Buying farm land and mines as local sectors languish

Organiser | 13 October 2009

UPA's lure of the foreign

Buying farm land and mines as local sectors languish

Exposing the big racket in foreign exchange, realty

By Naresh Minocha

UPA denies millions of jobs to Indians to benefit foreigners

The Government’s half-hearted reforms have resulted in massive coal shortages. Expert committees have indeed made alarming projections of coal shortages, thereby emphatically driving home the need for imports.

UPA could help create jobs for 10 million rural people by facilitating plantations on seven million hectares and implementing projects for conversion of the harvested biomass into different forms of energy over 10 years as recommended by the draft National Mission document.

All such overseas acquisitions means decline in domestic pressure to explore and develop coal mines within the country. This also means decline in job opportunities in the mining sector.

The Cabinet had decided to allow private sector to undertake coal mining for merchant sale way back in 1997. At present, private sector firms are only allowed to undertake captive mining to generate fuel for their power, cement and metallurgical projects.

The UPA Government has deprived job opportunities to millions of illiterate and semi-literate Indians by forcing Indian companies to invest abroad in overseas plantations and coal mining sectors.

Not only that, it has robbed thousands of semi-skilled Indians of an opportunity to earn two square meals in their own homeland, thereby making a mockery of its hobby-horse of inclusive growth.

UPA has done this by liberally granting business visas to Chinese workers that are brought in hordes by the Chinese contractors engaged in building power projects, metallurgical plants, airports and other infrastructure projects in India.

It is only over the last few months that the Government is becoming vigilant. It is asking Chinese companies to seek employment visas for its workers instead of business visas. This is, however, only creates basis for rigorous scrutiny of applications for employment visas. It does not any way prevent the Chinese companies from bringing in workers to projects primarily awarded by Indian companies.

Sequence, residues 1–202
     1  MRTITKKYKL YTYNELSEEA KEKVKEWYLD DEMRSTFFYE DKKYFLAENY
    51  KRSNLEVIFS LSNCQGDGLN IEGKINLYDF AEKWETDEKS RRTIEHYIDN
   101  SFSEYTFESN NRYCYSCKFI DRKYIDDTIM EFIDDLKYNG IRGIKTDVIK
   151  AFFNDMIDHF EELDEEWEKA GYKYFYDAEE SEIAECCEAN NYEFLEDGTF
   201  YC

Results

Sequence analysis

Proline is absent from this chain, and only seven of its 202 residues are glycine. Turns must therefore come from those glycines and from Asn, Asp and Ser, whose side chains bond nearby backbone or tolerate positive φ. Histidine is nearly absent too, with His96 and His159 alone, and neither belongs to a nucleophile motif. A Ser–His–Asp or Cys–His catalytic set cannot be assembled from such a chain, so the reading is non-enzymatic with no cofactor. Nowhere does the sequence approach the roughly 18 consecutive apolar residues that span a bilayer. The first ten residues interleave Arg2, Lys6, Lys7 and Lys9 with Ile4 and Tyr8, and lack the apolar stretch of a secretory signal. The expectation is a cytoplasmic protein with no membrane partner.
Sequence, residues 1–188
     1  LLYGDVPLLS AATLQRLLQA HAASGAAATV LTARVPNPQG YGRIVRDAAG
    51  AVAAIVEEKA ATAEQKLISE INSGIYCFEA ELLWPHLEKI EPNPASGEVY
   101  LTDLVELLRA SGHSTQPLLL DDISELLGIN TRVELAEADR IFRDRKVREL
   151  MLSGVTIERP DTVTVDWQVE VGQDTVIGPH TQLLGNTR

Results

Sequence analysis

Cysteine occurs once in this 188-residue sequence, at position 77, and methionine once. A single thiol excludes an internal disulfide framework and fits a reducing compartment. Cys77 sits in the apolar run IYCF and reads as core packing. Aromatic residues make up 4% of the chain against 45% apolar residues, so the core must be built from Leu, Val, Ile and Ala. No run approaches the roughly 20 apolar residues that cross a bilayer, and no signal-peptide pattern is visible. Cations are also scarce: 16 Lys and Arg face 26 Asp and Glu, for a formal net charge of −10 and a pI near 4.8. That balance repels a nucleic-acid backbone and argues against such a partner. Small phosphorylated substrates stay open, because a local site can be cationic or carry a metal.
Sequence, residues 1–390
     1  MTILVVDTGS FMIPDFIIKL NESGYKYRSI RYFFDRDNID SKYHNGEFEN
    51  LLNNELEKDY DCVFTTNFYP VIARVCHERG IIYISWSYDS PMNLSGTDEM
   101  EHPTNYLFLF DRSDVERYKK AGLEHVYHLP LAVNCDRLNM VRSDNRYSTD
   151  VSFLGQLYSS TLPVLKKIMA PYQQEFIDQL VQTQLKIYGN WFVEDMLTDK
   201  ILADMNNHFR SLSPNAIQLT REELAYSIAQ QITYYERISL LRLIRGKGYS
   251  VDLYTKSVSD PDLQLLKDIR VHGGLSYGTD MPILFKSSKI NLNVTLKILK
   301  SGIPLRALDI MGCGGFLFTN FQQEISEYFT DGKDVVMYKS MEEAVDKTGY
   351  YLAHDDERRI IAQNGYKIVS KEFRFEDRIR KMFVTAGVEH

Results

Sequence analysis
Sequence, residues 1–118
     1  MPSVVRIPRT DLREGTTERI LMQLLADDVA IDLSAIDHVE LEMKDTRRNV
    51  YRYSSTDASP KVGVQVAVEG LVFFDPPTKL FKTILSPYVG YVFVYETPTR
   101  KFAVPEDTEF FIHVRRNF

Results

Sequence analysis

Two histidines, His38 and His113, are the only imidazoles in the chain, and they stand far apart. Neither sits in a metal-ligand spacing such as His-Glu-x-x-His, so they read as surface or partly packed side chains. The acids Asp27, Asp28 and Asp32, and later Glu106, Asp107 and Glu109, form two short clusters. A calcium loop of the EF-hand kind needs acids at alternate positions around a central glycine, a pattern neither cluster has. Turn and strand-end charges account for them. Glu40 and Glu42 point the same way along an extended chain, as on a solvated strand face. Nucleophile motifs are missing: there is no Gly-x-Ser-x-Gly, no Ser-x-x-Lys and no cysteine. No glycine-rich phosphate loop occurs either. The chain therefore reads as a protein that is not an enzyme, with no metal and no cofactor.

Take the case of Vedanta Aluminum Limited’s proposed technical collaboration with China Alumina International Engineering Corporation (CHALIECO) for setting up aluminium smelter at Jharsuguda in Orissa.

The Home Ministry, for instance, has advised the Mines Ministry that the number and nature of foreign personnel required for this tie-up should be carefully assessed. Adequate scrutiny should also be exercised in grant of visa to foreigners who intend to work on this project, an official said.

In this era of globalisation, it is normal for Indian companies to invest abroad to explore and develop resources that India is deficient. These include oil and gas, diamonds, uranium and copper. It is also normal for the firms to depute engineers and managers to oversee such projects.

It also makes some sense for Indian companies to embark on commercial farming in areas that offer agro-climatic advantages for crops such as coffee, cashew nut and rubber.

There is, however, really no need for Indian companies to scramble for exploration and development of coal mines abroad as the country has enough reserves that would last several hundred years.

Similarly, there is hardly any need for Indian companies to rush abroad to raise plantations to produce pulp for paper and viscose industries, edible oils and to produce bio-fuels when over 100 millions of hectares of wasteland and degraded forest land is lying vacant across the country.

Though official statistics are hard to come by, one can safely say that Indian companies are investing a few billion dollars in the overseas mining and plantation ventures.

Had the UPA Government cared to formulate employment generation-cum-investor-friendly policies, there would have been no flight of capital.

Indian funds and capabilities could have been deployed within the homeland to create millions of jobs for weaker sections. And that would have perhaps acted as restrain on UPA to indulge in divisive job reservation politics.

What is more, investment in wasteland plantations and coal mining would have reduced the pressure on National Rural Employment Guarantee Programme (NREGP).

This much-flaunted programme also provides partially employment to unemployed people in the countryside. The programme’s cup of limitations including revenue siphoning off is already full.

National Rural Employment Guarantee Act (NREGA) is supposed to guarantee every rural household up to 100 days of wage employment in a year within a period of 15 days of demand for such employment.

The Government’s half-hearted reforms have resulted in massive coal shortages. Expert committees have indeed made alarming projections of coal shortages, thereby emphatically driving home the need for imports.